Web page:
The exchanging of documents starts when receiving a written Request for Production of Documents.  Each party is allowed to request documents from the other, and Maryland Rules have not imposed a limit on how many requests may be asked of a party, within reason.  Providing the documents to the opposing side is known as the Response to Request for Production of Documents, and contains a written portion as well as the documents themselves.  You have 30 days from service of the Request for Production of Documents to gather what is requested so it can be provided to the opposing side. 

Starting the Journey – Hiring an Attorney – What to consider?

Hiring an attorney means putting your trust in someone to advocate for you, your family, and your future on the unfamiliar path of divorce and custody.  It is a stressful journey, arising from a difficult and challenging family situation.  When you may feel like your future and your family are at risk.  Finding the right attorney is the first step on that journey.

There are lots of ways to find an attorney – asking those you know who have been through this, asking a trusted professional (accountant, therapist, doctor, etc.), online searches, advertisements, and more.  Followed by information gathering – usually by word of mouth and online – to narrow the options.  Then, contacting the offices of a select few to decide if you will make an appointment, probably depending on cost, availability, and your initial impressions from that contact.  Culminating with the initial consultation.  All with the goal of deciding whether to place your trust in this attorney with what’s most important – you, your family, and your future.

On the Journey – The Value of Settlement

There are many ways to resolve a family matter, with settlement being but one.  Statistically, most cases settle.  Some are settlement-headed from the start, while others settle during litigation.

What is a settlement?   A settlement is an agreement between two people that resolves disputed issues.  It may be a written agreement, a court order, or a transcription of a verbal recording.  Settlement can be of some issues (so, a partial agreement) or of all the issues (so, a global agreement).  Settlement can resolve short-term or temporary issues (so, an interim agreement) or be a final settlement.  It depends on you and your family’s needs.  Settlement can be accomplished through negotiation, mediation, or the collaborative process.  For more information about process options, please CLICK HERE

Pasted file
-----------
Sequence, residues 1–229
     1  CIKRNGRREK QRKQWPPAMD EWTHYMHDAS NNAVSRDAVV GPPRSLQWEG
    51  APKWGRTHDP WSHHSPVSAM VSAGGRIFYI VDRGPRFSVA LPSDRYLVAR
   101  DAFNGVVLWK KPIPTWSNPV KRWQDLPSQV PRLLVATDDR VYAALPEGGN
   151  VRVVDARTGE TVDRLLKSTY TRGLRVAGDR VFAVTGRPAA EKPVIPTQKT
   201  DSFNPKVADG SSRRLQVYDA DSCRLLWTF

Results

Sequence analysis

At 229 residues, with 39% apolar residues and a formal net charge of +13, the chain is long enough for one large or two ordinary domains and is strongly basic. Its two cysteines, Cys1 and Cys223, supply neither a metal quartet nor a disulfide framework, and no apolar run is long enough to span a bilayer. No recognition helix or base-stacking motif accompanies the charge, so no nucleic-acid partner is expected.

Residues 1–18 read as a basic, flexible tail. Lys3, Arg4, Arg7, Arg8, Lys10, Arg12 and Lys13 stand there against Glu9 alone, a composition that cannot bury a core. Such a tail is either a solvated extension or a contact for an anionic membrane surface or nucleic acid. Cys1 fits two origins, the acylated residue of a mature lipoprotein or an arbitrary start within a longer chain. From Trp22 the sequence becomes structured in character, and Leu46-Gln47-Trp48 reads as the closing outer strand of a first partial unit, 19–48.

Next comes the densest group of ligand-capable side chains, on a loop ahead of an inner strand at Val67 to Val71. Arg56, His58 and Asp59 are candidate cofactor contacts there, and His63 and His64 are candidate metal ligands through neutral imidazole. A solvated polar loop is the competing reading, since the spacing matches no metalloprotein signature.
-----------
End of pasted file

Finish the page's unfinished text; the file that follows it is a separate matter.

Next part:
Lindsay Parvis Published in Maryland Family Law Advocate

The April 2017 edition of the Maryland Family Law Advocate, a publication of the MSBA Family & Juvenile Law Section, features an article authored by Geraldine Welikson Hess, Esquire, and updated by Lindsay Parvis.  The article, Montgomery County: Practice and Procedure, provides an overview of the Montgomery County Circuit Court Family law procedures.  The article is reprinted here with permission of the FJLS.

What is a Qualified Domestic Relations Order?

A Qualified Domestic Relations Order (QDRO, pronounced “qua-dro”) is an order entered by a court to direct the division of the marital property portion of a retirement interest in a divorce.  A QDRO may also be used to collect payment of child support and/or alimony.  This article focuses on division of retirement in divorce.

Retirement plans, profit sharing, Individual Retirement Accounts (IRAs), pensions, 401Ks, deferred compensation plans, and Keogh plans are just several examples of an exhaustive list of retirement assets that the court may consider marital property subject to division. If the plan is defined as a “tax qualified” plan by the Employee Retirement Income Security Act of 1974 (ERISA), then the transfer of retirement assets is done through a QDRO.

A QDRO allows the spouse who is not a retirement plan participant to be recognized as an “alternate payee” and to collect all or part of the retirement benefits which belong to the plan participant. The alternate payee may be allowed to receive current or future benefits depending on the plan and/or agreement reached by the spouses.